“Is it later than people thought it would be? Maybe,” she said. “But that’s bloody big and that’s because of the revenue in our system.”

New funds stemming from the voting measure are needed to continue this momentum, she said.

About a quarter of tax revenue would go towards alternative construction and the purchase of existing buildings. About 30% of the proceeds go to short-term emergency aid for tenants, grants for rent-burdened seniors or the disabled; and funds to provide legal aid to tenants.

Unlike previous home loan policies, there will be a paid inspector general with staff to check the progress of the money’s use. About 8% of the revenue would be earmarked for this purpose.

The city faces a financing crisis for affordable housing in the next few years. LA has committed to spending about $350 million on housing this fiscal year, primarily from funds from Proposition HHH, but only about $75 million next fiscal year and $49 million the year after, according to estimates by the Housing Department.

Proponents say this new tax is necessary to prevent the city from lagging behind in building new affordable housing. Opponents, meanwhile, say the term “mansion tax” is misleading.

In 2019, if this tax were applied, almost half of the proceeds would have come from the sale of commercial real estate and 27% from the sale of multifamily buildings such as apartments, according to analysis by consultant Mike Kahoe, who wrote a paper on the measure for the Center for Jobs & the Economy and the California Business Roundtable.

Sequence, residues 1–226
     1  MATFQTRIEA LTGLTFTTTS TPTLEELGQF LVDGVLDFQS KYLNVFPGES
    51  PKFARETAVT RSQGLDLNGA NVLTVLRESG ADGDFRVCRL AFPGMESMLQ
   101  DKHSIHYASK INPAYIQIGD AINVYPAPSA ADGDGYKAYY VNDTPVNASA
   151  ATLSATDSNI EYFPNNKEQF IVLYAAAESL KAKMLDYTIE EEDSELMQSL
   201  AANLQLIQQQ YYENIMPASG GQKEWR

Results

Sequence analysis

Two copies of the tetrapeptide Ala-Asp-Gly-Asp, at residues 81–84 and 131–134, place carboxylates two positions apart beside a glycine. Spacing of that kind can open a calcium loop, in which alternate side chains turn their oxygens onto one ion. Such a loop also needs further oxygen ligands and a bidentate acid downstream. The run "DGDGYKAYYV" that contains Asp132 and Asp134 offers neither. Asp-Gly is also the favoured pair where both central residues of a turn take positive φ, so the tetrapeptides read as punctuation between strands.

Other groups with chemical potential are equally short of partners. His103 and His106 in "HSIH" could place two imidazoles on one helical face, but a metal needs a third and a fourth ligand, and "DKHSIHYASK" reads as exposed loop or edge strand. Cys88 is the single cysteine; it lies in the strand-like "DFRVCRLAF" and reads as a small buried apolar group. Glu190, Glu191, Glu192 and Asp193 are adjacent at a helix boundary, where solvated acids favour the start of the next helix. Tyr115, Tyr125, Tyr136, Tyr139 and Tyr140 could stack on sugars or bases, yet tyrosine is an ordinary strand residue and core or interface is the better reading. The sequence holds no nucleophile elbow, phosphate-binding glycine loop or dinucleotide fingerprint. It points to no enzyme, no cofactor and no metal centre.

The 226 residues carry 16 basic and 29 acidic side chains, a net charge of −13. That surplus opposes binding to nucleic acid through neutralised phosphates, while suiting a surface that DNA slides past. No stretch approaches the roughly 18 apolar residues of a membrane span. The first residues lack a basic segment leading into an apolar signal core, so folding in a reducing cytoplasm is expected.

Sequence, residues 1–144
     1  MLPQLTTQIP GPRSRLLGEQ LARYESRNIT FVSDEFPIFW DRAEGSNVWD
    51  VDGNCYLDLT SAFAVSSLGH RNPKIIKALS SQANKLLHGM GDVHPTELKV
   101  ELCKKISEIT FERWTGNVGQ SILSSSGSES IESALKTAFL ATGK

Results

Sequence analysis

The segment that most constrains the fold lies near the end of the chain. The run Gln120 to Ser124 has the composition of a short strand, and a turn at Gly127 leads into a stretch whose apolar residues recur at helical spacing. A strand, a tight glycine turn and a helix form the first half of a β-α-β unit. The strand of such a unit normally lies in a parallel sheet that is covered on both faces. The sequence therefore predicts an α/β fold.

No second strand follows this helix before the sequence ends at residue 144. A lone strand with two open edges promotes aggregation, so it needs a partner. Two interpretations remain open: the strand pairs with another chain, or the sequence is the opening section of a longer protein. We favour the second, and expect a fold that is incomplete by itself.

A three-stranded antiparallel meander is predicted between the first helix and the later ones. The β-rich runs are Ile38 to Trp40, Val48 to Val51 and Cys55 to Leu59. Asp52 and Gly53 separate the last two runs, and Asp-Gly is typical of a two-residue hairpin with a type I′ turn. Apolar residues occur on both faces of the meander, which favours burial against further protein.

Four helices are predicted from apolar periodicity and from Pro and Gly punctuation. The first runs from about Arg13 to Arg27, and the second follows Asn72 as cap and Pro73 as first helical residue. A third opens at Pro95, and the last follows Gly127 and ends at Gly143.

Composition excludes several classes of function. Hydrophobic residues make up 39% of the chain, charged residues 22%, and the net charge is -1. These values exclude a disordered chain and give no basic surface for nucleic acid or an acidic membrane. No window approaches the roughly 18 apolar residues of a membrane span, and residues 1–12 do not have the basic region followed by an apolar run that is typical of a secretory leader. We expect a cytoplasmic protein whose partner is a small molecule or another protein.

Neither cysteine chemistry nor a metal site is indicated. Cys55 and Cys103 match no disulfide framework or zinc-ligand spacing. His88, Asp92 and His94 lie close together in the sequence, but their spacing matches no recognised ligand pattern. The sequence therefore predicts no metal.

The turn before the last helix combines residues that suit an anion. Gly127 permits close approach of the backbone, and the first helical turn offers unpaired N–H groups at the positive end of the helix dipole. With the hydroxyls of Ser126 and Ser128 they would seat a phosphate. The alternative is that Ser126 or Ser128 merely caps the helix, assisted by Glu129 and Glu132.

If the upcoming election measure had already been in effect, sales of these two property types would have brought in about $690 million, while sales of expensive single-family homes would have brought in just over $200 million.

“They add to the cost of doing business — whether it’s a rental business, office, or commercial property — those costs are passed on,” Kahoe said. “Especially in the current economic environment where these types of businesses, which are impacted by cost increases everywhere, are more likely to have those costs passed through more quickly.”

Billy Lehman Goodyear, a residential real estate developer, said he recently pulled out of buying property in Brentwood when he heard about the tax. He planned to build two houses there but then calculated the impact on his business if the measure were passed.

“This new tax … coupled with the downward movement in home prices that the tax is likely to cause, will make the work of many developers unprofitable and force many to halt development in the City of Los Angeles,” he wrote in an email and found the measure taxes the entire value of a sale and eats up much of the profit he makes on a development.

“For many, this tax will be the knockout blow.”

https://www.latimes.com/california/story/2022-09-30/mansion-tax-la-ballot-measure L.A. ‘mansion tax’ would raise money for affordable housing

Alley Einstein